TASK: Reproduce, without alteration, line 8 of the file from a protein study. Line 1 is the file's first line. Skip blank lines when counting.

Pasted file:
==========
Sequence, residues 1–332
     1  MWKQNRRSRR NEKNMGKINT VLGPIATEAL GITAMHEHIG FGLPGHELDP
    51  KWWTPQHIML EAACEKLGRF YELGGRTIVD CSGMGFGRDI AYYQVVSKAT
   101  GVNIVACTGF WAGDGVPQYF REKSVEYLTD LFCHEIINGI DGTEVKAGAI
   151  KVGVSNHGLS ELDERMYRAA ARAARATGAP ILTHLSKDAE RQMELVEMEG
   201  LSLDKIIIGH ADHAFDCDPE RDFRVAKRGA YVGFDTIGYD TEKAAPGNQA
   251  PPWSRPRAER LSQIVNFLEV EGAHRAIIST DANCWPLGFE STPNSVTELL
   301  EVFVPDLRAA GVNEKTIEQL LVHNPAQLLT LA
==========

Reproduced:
   301  EVFVPDLRAA GVNEKTIEQL LVHNPAQLLT LA